The Orchidaceae

Few plants inspire passion like orchids do: we’ve been cultivating them for 3,000 years, despite the fact that they offer us little by way of food, clothing, medicine, or anything else people grow plants for.  In Europe orchid cultivation began about the time the Dutch tulip craze was waning, and now there are over 100,000 known cultivars and hybrids.

The number of species is impressive, too, estimated to be around 28,000 (some experts believe there may be as many as 35,000), in over 700 genera. This makes the Orchidaceae either the largest or second largest plant family (the other being Asteraceae), in terms of number of species. In both families the number of species is constantly changing, in accordance with both new discoveries and phylogenetic research.

In North America, there are 310 species of native orchids, making the Orchidaceae the 13th largest family on this continent*.

In Maryland, though, the news is sad. Although there are records for about 44 species (29 in the piedmont), of these…

  • 9 have been extirpated
  • 1 is a waif
  • 1 is alien
  • 12 are listed as endangered and/or S1 (highly state rare)
  • 1 is S1/S2 (highly state rare)
  • 4 are threatened and/or S2 (state rare)
  • 1 is S2/S3 (state rare)
  • 4 are vulnerable and/or S3 (watchlist)**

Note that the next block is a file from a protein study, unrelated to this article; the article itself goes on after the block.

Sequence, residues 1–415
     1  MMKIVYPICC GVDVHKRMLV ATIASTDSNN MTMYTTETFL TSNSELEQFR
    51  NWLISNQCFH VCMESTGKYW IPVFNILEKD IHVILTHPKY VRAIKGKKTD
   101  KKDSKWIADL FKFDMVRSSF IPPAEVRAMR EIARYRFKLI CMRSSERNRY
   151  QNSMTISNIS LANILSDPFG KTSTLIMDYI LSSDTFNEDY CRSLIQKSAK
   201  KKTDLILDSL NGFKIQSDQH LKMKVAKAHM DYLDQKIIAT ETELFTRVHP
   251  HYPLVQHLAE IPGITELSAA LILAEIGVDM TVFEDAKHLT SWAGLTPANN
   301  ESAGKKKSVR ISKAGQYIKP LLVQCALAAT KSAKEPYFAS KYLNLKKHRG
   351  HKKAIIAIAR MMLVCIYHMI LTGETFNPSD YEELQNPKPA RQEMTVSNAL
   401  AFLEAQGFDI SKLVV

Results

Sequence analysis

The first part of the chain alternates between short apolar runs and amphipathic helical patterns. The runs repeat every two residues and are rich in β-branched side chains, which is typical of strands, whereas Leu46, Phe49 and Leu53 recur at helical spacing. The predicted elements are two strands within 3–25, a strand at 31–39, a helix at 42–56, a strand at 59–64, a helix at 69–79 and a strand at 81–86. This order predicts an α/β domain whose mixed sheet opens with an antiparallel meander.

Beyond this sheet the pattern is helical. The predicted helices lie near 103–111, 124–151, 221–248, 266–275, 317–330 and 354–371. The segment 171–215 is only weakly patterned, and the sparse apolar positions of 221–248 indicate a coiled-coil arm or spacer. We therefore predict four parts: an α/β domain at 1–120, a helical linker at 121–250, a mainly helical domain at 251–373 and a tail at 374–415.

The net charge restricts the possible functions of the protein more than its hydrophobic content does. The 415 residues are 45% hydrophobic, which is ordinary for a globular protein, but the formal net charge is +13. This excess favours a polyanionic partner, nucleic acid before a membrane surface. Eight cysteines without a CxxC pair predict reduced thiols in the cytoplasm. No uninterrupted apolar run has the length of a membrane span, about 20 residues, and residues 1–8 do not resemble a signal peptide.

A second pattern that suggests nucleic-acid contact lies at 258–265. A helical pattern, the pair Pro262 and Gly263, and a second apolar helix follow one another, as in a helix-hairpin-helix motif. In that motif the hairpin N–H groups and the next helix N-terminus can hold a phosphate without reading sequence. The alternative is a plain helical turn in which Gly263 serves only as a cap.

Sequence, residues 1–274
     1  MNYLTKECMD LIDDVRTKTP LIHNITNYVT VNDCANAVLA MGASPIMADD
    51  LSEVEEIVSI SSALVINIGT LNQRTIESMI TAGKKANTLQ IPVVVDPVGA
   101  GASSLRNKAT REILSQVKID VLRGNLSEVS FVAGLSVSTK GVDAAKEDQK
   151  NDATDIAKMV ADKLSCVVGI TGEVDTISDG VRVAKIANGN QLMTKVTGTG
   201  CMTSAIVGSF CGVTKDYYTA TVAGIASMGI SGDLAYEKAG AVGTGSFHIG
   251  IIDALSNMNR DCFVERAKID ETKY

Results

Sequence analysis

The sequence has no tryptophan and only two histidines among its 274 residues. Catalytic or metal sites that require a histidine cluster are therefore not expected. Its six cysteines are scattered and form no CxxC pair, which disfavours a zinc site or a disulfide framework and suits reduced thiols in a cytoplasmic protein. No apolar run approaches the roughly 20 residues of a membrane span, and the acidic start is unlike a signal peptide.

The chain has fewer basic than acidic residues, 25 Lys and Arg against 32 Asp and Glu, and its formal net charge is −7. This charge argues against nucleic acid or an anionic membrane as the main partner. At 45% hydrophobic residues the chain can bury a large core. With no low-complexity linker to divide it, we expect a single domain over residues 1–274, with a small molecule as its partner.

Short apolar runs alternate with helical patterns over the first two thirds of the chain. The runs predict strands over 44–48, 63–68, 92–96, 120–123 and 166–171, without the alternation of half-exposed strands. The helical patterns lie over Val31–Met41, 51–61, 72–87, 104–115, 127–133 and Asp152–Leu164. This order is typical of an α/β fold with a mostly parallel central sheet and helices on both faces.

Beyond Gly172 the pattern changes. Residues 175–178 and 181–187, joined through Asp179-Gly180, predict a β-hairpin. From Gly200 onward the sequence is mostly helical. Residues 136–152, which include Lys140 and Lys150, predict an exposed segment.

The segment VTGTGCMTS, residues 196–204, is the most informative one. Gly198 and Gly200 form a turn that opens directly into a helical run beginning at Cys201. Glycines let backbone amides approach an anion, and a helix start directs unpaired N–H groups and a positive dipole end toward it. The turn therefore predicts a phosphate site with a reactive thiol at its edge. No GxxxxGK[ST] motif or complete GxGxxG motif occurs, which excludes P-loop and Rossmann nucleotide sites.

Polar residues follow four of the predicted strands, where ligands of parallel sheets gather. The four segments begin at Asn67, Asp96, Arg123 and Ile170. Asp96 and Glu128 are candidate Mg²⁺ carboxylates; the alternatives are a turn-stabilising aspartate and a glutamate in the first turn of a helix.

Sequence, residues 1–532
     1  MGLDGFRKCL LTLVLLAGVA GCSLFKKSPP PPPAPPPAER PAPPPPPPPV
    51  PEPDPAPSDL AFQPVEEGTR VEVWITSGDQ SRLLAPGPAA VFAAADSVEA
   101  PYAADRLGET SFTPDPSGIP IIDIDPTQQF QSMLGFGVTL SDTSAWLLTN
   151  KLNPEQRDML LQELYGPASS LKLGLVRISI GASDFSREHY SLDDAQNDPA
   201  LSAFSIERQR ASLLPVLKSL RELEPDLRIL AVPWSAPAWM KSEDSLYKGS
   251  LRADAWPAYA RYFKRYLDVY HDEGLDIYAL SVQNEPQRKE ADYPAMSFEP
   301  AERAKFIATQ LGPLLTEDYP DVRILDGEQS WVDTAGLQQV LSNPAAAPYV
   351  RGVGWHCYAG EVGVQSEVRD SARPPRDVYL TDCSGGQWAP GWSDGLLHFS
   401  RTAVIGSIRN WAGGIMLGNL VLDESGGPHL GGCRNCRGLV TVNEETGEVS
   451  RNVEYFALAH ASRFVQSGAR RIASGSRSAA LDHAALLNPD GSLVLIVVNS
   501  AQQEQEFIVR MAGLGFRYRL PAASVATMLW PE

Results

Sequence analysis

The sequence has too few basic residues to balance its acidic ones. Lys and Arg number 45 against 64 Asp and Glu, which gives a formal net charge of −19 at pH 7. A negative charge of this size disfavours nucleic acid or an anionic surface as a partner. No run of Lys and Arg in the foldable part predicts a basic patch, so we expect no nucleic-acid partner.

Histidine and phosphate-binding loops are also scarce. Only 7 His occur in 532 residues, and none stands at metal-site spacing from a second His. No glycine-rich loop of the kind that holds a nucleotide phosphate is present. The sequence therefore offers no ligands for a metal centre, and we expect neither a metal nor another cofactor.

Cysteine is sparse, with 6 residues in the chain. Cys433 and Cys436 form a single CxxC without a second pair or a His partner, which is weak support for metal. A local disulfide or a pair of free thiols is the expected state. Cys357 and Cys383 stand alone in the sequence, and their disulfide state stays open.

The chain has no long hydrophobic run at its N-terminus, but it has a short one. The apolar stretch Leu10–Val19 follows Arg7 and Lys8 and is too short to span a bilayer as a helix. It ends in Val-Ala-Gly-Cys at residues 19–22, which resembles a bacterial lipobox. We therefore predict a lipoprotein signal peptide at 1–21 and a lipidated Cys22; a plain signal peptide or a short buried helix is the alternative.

Orchids grow in almost every habitat, except in true deserts, open water, and glaciers***. Most of the species grow in tropical rainforests, but the family is cosmopolitan: orchids are found on every continent (and Oceania) except Antarctica.

They can be terrestrial or epiphytic. An epiphyte is a plant that grows on another plant for support, without causing the other plant harm (therefore not the same as a parasite). The epiphytic orchids have aerial roots that absorb water and nutrients from the air. They are mostly found in the tropics, while the terrestrial orchids are mostly found at higher lattitudes.

Terrestrial orchids grow with certain soil fungi in mutually beneficial associations termed mycorrhizae (singluar mycorrhiza). Because of this, our native terrestrial orchids are extremely hard to grow in the garden; if the correct fungi are not present in the soil, the orchid plants will likely die in a year or two, and seeds will not germinate.


Orchids usually bear flowers on a spike, raceme, or panicle, or sometimes singly. A spike is a stem with single flowers along it (right); a raceme is a spike whose flowers have pedicels (below); and a panicle is a branched raceme.


Although there is a huge variety of form, orchid flowers are easily recognized. They always have three sepals, which can be single or partly fused, and are either green or petal-colored; and three petals. Of the petals, the two lateral ones are usually identical, while the center one is formed into a lip or pouch. The flowers are usually bilaterally symmetrical.


As for economic value, it’s entirely about the passion for ornamental flowers, with one exception: Vanilla planifolia, the only orchid species to produce an edible fruit. There are a few orchid species that produce edible tubers, but these have never been grown commercially.

next time: orchids in the Maryland piedmont

**Maryland Biodiversity Project
***Encyclopedia of Life

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